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"This is a most joyful and clever whimsy, the kind that lightens the heart and puts a shine on the day," raved Kirkus Reviews in a starred review.Is it possible to eat snowballs doused in ketchup--and nothing else--all winter? Can a washing machine wash dishes? By reading the step-by-step instructions, kids can discover the answers to such all-important questions along with the book's curious narrator. Here are 12 "hypotheses," as well as lists of "what you need," "what to do," and "what happened" that are sure to make young readers laugh out loud as they learn how to conduct science experiments (really!). Jenny Offill and Nancy Carpenter--the ingenious pair that brought you 17 Things I'm Not Allowed to Do Anymore--have outdone themselves in this brilliant and outrageously funny book.From the Hardcover edition.
I had an idea to staple my brother's hair to his pillow. I am not allowed to use the stapler anymore. Here's a kid full of ideas, all day long. For example, in the morning, gluing her brother's bunny slippers to the floor sounds like a good plan. But now she's not allowed to use glue anymore. And what about when she shows Joey Whipple her underpants--they're only underpants, right? Turns out she's not allowed to do that again, either. And isn't broccoli the perfect gift for any brother? It's just too bad her parents don't think so. But she has the last laugh in this humerous first picture book by an acclaimed novelist of books for adults. From the Hardcover edition.
I had an idea to glue my brother's bunny slippers to the floor. I am not allowed to use the glue anymore. Meet a kid who's full of ideas. Great ideas. Brilliant ideas. It's just too bad grown-ups don't seem to understand her genius. . . .
Dept. of Speculation is a portrait of a marriage. It is also a beguiling rumination on the mysteries of intimacy, trust, faith, knowledge, and the condition of universal shipwreck that unites us all. Jenny Offill's heroine, referred to in these pages as simply "the wife," once exchanged love letters with her husband postmarked Dept. of Speculation, their code name for all the uncertainty that inheres in life and in the strangely fluid confines of a long relationship. As they confront an array of common catastrophes--a colicky baby, a faltering marriage, stalled ambitions--the wife analyzes her predicament, invoking everything from Keats and Kafka to the thought experiments of the Stoics to the lessons of doomed Russian cosmonauts. She muses on the consuming, capacious experience of maternal love, and the near total destruction of the self that ensues from it as she confronts the friction between domestic life and the seductions and demands of art. With cool precision, in language that shimmers with rage and wit and fierce longing, Jenny Offill has crafted an exquisitely suspenseful love story that has the velocity of a train hurtling through the night at top speed. Exceptionally lean and compact, Dept. of Speculation is a novel to be devoured in a single sitting, though its bracing emotional insights and piercing meditations on despair and love will linger long after the last page.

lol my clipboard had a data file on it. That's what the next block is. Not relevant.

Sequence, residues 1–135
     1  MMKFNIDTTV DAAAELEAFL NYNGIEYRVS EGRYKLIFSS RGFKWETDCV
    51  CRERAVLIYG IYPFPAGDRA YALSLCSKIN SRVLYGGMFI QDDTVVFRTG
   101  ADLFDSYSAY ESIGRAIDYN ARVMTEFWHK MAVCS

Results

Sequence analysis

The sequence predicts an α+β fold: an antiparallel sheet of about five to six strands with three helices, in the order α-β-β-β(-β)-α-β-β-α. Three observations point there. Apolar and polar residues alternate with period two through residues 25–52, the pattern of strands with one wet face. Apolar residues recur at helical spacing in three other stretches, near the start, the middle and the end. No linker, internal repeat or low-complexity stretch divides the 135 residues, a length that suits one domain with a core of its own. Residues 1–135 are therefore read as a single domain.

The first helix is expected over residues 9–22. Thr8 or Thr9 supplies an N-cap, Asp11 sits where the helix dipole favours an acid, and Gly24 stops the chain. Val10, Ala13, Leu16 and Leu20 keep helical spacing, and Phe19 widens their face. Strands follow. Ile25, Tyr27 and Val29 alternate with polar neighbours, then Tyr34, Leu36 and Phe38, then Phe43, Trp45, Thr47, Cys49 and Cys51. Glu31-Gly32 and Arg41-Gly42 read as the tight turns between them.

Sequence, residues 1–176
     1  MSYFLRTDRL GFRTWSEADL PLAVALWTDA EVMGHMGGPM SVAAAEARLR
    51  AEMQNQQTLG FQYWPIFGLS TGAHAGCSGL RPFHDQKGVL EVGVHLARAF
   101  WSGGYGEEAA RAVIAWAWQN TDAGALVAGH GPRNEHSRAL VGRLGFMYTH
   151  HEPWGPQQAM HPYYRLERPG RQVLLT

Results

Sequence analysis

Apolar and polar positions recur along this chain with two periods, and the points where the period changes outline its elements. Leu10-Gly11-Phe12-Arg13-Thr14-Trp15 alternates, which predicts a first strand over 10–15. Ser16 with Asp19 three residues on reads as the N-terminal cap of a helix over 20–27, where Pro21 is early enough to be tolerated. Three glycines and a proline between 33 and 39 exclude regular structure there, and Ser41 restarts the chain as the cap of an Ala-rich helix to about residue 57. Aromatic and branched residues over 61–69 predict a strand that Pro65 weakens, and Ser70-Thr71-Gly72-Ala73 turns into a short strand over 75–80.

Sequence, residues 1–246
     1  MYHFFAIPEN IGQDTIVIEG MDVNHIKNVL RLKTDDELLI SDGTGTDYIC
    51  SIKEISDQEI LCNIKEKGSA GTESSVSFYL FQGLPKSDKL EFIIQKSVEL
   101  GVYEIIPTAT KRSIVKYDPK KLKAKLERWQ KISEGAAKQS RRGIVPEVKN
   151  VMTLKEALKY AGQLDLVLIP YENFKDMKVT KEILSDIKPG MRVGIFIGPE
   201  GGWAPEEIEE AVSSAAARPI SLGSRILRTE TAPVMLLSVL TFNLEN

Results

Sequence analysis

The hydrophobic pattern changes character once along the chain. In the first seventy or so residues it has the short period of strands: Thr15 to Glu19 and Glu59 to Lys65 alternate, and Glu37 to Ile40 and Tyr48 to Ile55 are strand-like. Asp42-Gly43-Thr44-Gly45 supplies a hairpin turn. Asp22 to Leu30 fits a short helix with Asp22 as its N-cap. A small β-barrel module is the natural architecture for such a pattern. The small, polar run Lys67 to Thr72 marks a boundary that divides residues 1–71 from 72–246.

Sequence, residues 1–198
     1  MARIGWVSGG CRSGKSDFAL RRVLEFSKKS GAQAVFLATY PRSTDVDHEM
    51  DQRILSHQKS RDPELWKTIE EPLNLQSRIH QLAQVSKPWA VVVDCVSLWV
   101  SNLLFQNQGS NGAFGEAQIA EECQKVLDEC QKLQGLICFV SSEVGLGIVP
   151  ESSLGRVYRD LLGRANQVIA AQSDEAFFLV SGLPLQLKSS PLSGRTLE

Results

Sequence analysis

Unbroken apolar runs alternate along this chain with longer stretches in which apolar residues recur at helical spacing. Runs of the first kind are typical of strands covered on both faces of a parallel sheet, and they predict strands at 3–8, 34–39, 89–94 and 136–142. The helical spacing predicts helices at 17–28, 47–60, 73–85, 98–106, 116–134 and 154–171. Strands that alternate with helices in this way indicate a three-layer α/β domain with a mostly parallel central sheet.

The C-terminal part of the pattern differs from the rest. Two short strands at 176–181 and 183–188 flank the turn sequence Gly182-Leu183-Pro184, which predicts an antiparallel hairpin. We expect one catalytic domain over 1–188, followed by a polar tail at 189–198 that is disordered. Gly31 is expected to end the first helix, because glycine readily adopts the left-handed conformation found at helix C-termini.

Losing a friend can be as painful and as agonizing as a divorce or the end of a love affair, yet it is rarely written about or even discussed. THE FRIEND WHO GOT AWAY is the first book to address this near-universal experience, bringing together the brave, eloquent voices of writers like Francine Prose, Katie Roiphe, Dorothy Allison, Elizabeth Strout, Ann Hood, Diana Abu Jabar, Vivian Gornick, Helen Schulman, and many others. Some write of friends who have drifted away, others of sudden breakups that took them by surprise. Some even celebrate their liberation from unhealthy or destructive relationships. Yet at the heart of each story is the recognition of a loss that will never be forgotten. From stories about friendships that dissolved when one person revealed a hidden self or moved into a different world, to tales of relationships sabotaged by competition, personal ambition, or careless indifference, THE FRIEND WHO GOT AWAY casts new light on the meaning and nature of women's friendships. Katie Roiphe writes with regret about the period in her life when even close friends seemed expendable compared to men and sex. Mary Morris reveals how a loan led to the unraveling of a lifelong friendship. Vivian Gornick explores how intellectual differences eroded the bond between once inseparable companions. And two contributors, once best friends, tell both sides of the story that led to their painful breakup. Written especially for this anthology and touched with humor, sadness, and sometimes anger, these extraordinary pieces simultaneously evoke the uniqueness of each situation and illuminate the universal emotions evoked by the loss of a friend.